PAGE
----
Original Article Published On The Jewish Ledger
NEW HAVEN — When Shlomit Daniel set out for school each morning in Ethiopia, she could have never imagined a day when she would be teacher in the United States.
“Many children, especially girls, didn’t go to schoolthey studied at home with the kessim (Ethiopian Jewish priests). My parents understood the importance of education for my four siblings and me,” reports Shlomit. “But it wasn’t easyit was a long walk, and I was usually the only Jew in a class of 40 or 50 children.”
But Shlomit continued her studies and began a long journey that included making aliyah to Israel, serving in the Israeli Defense Forces, going to college, and finally, moving to the U.S.
Today, she lives in New Haven and works with students at Ezra Academy in Woodbridge, the Southern Connecticut Hebrew Academy (formerly the New Haven Hebrew Day School) and at New Haven’s Talmud Torah Meyuchad (TTM).
At the day schools, students are referred to Daniel by classroom teachers, and she works with them on academic and social issues. At TTM, Daniel helps instruct nearly 40 children with a range of developmental, learning and social difficulties. And she still finds time to teach Hebrew language at the Slifka Center at Yale University.
“Shlomit has highly specialized skills in the area of special education — something Ezra needs. She has a gentle nature with kids and they respond to her very positively,” said Shelley Kreiger, principal of Ezra Academy. “She is here because the DJE and the Jewish Foundation see this need in the community and have financially supported this position so that Ezra and Hebrew Day can benefit.”
A Success Story
Shlomit grew up knowing her family would one day move to Israel.
“My grandmother’s father was the rabbi of Gondar,” reports Daniel. “We were always learning and thinking about Israel. We didn’t feel ownership of our place in Ethiopia. We knew one day we would make aliyah.”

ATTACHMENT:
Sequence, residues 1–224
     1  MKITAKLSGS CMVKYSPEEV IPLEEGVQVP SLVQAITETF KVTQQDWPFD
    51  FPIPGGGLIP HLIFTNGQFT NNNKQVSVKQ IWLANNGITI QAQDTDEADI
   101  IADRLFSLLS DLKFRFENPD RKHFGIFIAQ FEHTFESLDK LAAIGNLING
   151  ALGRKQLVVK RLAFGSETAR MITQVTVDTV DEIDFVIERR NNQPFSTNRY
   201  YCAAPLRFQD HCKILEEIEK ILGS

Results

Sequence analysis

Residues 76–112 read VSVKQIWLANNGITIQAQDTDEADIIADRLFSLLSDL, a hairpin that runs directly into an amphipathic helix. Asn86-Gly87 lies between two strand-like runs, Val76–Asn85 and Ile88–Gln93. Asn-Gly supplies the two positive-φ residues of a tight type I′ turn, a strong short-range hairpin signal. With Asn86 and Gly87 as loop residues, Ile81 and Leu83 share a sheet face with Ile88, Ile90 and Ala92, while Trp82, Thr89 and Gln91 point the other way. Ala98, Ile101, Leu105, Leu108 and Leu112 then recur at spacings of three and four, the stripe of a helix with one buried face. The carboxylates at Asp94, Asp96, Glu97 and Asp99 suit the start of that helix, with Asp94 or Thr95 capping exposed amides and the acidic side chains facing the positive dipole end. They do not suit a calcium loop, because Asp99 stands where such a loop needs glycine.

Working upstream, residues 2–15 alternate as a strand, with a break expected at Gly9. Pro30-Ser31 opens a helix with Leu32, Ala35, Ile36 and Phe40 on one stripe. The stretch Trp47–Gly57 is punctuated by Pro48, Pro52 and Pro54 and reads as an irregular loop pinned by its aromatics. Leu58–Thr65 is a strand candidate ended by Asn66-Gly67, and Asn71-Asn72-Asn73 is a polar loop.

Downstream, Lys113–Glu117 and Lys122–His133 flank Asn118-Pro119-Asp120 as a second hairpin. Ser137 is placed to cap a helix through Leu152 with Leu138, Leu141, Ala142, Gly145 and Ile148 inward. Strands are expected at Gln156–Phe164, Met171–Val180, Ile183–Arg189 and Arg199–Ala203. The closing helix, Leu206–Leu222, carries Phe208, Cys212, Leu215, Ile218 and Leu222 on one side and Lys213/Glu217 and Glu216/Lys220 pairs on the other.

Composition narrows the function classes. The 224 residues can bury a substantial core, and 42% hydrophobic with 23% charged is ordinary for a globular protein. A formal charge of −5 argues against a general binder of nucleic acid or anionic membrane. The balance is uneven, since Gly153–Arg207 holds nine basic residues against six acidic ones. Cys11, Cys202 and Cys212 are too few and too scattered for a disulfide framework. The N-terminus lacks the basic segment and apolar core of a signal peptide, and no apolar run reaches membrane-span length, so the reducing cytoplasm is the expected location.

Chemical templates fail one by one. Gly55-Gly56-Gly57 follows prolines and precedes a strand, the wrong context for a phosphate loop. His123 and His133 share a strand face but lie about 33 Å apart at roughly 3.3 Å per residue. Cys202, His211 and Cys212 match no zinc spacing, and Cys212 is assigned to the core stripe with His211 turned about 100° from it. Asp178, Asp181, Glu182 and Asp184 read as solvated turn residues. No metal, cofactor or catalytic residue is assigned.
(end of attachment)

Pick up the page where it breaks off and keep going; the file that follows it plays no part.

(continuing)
The Daniel family did move to Israel, spending one year in an absorption center in the north of Israel before moving to a home in Yavneh.
Shlomit learned Hebrew quickly, excelled in the sciences, and received her first choice of jobs in the Israel Defense Forces. Daniel was accepted to an educational corps known as Naarei Rafael (Raphael’s Youth.) In this division, Daniel worked with soldiers who she notes were “impoverished in every way.”
In addition to her military training responsibilities, Daniel also developed curriculum and training material, and she dealt with complex behavioral and emotional problems of soldiers in her division.
“What I loved most is that the Army worries most about chevrah — community,” observes Daniel. “The Army spends money and manpower on chevrahto make a better society. And you become part of that society.”
After serving in the army, she enrolled at the Hebrew University in Jerusalem and took courses in the two areas she lovedsciences and education.
“When I was at Hebrew University, I couldn’t stop thinking about my soldiers from their impoverished backgrounds. Why did society wait for the Army to do the job of teaching and helping them? Why didn’t we do that in the schools?” wondered Daniel.
She decided that that was something she wanted to change. She transfered to the David Yellin Teachers College in Jerusalem and received her Bachelor of Education degree in regular and special education.
In Israel she taught Hebrew language to Russian, Indian and Ethiopian immigrants at the Mevasseret Absorption Center outside of Jerusalem and worked with children with emotional difficulties.
In Israel, Shlomit met her husband, Canadian-born, Charles Small, a professor of urban development. Small taught at various Israeli universities before accepting a teaching position at Southern Connecticut State University in New Haven.
While Daniel notes that her transition to America and New Haven was difficult at first, she has settled in and acclimated well both professionally and socially.
“I like to try new things and have new experiences,” she said. “And I’m not afraid to fail.”